«Developing the Potential of Young People in Sport A report for sportscotland by The University of Edinburgh Developing the Potential of Young People ...»
Similarly, differences in levels of performance during childhood can only partly be attributed to innate factors as the actualisation of the ‘innate’ talent requires the existence of favourable environmental conditions and active learning processes which are supported through one’s internal motivation and learning strategies.
“It is extremely likely that the environmental factors including deliberate practice, account for more variance in performance than does innate capacity in every salient domain.” (Simonton, 1999, p.454) Hence, whilst physique and motor skills will ultimately limit performance capacity in specific sports, an awareness of their dynamic and complex nature suggests that long-term predictions are only, at best, a probabilistic estimate of their development.
A further consideration is that the range of discrete variables measured within traditional linear TI approaches is typically limited, with little or no justification provided for their inclusion (Abbott et al., 2002). For example, children may be selected based on the ‘appropriateness’ of one or two key variables for a specific sport (e.g., height and weight for gymnastics). However, the various attributes that contribute to an athlete’s behaviour interact in a nested, discontinuous fashion meaning that performance cannot be understood or predicted when each are considered in isolation. Therefore, it is probable that many children who score very highly on one or two talent components (e.g., height), may not have any talent potential due to the total absence of a different talent component within the specific domain (e.g., commitment to train). Also, a child may be eliminated due to an apparent weakness on one of the ‘talent’ components even though this component may improve with training or maturity or the individual may be able to compensate for this weakness by positive values on one or more of the other ‘talent’ components.
As an example, consider the Russian artistic gymnast Svetlana Khorkina who was originally thought to be too tall to compete at the elite level and was advised to take up rhythmic gymnastics instead. However, Khorkina insisted on pursuing the sport she loved most and excelled despite her height disadvantage (she is a multiple world champion winner across various gymnastic disciplines). In fact, she turned her added stature to an advantage by producing slower and more graceful long, levered movements. This example highlights the limitations of basing selection on just a few discrete measures of ‘ideal’ performance. Therefore, there is a need to reconceptualise talent as a multi-dimensional construct and acknowledge that many of the key performance determinants in sport can be developed with the appropriate training opportunities. Unfortunately, one-dimensional models of TID, that continue to prevail in sport today, will be unable to make this crucial distinction.
DPYPS: Moving beyond a reliance on performance and physical measures
DPYPS was based upon the notion that many key talent determinants in sport can be developed with the appropriate training opportunities. As such, DPYPS acknowledges that physical and performance measures cannot be employed as reliable determinants of future values but emphasises the need to provide an opportunity for all children to develop the prerequisites for learning and development in sport. The following two sections emphasise psychological and motor skills that facilitate development and typify excellence within the physical setting.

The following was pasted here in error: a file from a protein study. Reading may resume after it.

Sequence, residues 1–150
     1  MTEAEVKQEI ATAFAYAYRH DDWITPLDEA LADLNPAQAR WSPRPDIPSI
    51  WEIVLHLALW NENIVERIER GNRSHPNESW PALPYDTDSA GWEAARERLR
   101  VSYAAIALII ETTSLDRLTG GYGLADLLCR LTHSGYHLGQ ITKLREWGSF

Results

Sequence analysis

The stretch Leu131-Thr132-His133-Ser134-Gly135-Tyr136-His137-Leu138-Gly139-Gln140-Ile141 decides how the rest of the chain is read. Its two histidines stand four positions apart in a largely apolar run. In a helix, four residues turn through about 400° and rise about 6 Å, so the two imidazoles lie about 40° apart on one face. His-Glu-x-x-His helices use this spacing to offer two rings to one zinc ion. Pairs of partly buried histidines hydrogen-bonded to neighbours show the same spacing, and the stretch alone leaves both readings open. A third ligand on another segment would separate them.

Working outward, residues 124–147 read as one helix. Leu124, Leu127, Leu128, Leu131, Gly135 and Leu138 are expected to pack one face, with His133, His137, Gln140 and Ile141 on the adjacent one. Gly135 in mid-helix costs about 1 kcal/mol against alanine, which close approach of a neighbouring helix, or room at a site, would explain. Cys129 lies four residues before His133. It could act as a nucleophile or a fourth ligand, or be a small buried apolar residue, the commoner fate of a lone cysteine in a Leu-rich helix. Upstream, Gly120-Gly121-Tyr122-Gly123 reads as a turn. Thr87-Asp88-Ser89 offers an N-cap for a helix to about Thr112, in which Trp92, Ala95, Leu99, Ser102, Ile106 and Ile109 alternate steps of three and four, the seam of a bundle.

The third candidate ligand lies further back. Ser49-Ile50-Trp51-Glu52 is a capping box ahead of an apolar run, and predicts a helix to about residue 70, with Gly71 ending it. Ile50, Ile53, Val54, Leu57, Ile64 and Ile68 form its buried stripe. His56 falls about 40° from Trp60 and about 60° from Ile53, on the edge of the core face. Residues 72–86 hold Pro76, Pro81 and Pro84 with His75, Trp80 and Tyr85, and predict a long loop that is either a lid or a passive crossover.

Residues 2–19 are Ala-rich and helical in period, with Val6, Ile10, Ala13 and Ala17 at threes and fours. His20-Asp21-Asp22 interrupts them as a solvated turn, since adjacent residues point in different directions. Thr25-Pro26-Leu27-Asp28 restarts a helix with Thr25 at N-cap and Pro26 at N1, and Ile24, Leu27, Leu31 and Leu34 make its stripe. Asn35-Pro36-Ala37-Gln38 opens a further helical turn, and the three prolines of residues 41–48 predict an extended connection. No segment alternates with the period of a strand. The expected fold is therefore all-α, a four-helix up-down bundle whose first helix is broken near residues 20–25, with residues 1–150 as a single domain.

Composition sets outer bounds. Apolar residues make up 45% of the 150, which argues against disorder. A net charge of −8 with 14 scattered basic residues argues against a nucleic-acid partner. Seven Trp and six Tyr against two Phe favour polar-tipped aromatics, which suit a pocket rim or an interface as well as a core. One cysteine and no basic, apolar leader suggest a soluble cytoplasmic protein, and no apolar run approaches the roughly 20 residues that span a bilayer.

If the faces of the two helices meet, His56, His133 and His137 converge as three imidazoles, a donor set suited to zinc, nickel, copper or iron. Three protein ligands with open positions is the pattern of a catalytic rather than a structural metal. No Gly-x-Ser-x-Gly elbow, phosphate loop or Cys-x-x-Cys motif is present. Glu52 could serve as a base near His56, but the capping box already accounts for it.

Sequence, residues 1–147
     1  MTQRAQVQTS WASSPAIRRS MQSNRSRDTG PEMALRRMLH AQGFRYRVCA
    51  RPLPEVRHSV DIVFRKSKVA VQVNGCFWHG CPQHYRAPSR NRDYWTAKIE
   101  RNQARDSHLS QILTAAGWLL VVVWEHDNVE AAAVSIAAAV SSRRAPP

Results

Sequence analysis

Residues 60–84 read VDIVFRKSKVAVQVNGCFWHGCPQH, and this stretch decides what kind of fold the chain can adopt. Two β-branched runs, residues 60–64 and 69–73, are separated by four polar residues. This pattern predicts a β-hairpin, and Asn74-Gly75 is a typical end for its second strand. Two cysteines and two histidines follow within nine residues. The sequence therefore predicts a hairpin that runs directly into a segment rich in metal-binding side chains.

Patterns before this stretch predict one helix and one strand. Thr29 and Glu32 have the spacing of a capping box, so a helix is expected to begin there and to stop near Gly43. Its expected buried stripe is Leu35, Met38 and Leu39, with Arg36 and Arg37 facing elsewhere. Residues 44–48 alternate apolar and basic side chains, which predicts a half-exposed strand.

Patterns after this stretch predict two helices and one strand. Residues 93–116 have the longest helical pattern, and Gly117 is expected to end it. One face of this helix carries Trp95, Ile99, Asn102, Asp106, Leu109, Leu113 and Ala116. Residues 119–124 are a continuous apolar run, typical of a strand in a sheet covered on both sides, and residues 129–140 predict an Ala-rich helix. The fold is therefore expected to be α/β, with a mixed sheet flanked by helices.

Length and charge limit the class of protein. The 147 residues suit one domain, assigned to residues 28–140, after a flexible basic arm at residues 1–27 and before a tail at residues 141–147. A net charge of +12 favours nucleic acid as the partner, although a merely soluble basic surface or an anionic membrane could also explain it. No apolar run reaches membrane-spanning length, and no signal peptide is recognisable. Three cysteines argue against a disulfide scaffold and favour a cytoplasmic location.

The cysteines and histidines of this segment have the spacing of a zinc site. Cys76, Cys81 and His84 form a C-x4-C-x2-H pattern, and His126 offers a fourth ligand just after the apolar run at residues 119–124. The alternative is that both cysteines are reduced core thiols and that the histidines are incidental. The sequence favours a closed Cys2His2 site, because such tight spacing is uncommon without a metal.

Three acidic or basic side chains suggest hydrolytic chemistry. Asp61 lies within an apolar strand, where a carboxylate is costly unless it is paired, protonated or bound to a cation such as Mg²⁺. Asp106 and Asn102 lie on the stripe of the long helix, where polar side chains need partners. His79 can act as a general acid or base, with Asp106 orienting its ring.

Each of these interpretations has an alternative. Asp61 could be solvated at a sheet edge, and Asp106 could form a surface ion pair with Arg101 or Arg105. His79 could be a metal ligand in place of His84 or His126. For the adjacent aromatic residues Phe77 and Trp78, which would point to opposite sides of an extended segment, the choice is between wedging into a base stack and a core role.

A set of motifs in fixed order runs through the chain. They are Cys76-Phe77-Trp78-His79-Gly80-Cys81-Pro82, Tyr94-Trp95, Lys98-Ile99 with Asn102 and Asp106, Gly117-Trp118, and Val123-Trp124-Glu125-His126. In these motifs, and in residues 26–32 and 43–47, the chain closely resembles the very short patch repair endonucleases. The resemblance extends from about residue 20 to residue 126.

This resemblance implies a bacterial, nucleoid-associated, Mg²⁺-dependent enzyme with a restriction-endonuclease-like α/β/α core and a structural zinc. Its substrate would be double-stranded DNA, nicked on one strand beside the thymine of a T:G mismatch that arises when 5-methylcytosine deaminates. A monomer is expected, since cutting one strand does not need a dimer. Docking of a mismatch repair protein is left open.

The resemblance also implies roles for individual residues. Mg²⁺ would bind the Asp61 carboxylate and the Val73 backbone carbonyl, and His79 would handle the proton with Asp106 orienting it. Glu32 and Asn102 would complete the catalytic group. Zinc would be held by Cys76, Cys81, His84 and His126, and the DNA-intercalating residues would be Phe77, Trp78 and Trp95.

188.8.131.52 Psycho-behavioural Precursors to Excellence Psychological Prerequisites for Learning and Development The role of psychological processes in the development of expertise is increasingly acknowledged across performance domains. Consider the place of self-motivation for example. It is widely accepted that for an individual to excel in any performance area (e.g., sport, music, mathematics), ten years of deliberate practice is required (Simon & Chase, 1973; Ericsson, Krampe, & Tesch-Romer, 1993). As such, a high level of motivation is clearly required, and its importance for high attainment has been highlighted by a number of researchers (e.g., Heller, Moenks, Sternberg, & Subotnik, 1993; Ziegler & Raul, 2000). In repeated observations (initially by Meij, 1992 and then by Meij, Riksen-Walraven & Van Lieshout, 1995) it was found that individuals achieving excellence in academia exhibited, without exception, higher levels of competence motivation and were clearly and significantly more persistent and enthusiastic than less successful individuals. Thus, both level and style of an individual’s motivation will determine the frequency and persistence of his or her interactions with the relevant environment, and thereby will influence his or her development. In this regard, Riksen-Walraven and Zevalkink (2000) stated that, “given that the motivation of competence in a given field literally drives a person towards interactions that foster development, competence motivation can be considered as the primary “engine” of development” (p.204-205). This strong relationship between motivation and attainment has also been reported by Bloom (1985), Csikzentmihalyi, Rathunde and Whalen (1997), Gottfried, Gottfried, Bathurst, and Guerin (1994), and Sosniak (1985) in the areas of sport, art, academia and music respectively. Interestingly, Barynina and Vaitsekhovskii’s (1992) study of elite swimmers indicated that athletes who specialised early spent less time on the national team and ended their sports careers earlier than athletes who specialised later. Therefore, while childhood performance can be a false indicator of potential, especially in sport where maturational status can play such a significant role, the child’s own interests appear to be an excellent, but often neglected, indicator of adult attainment (Hany, 1996; Milgram & Hong, 1997).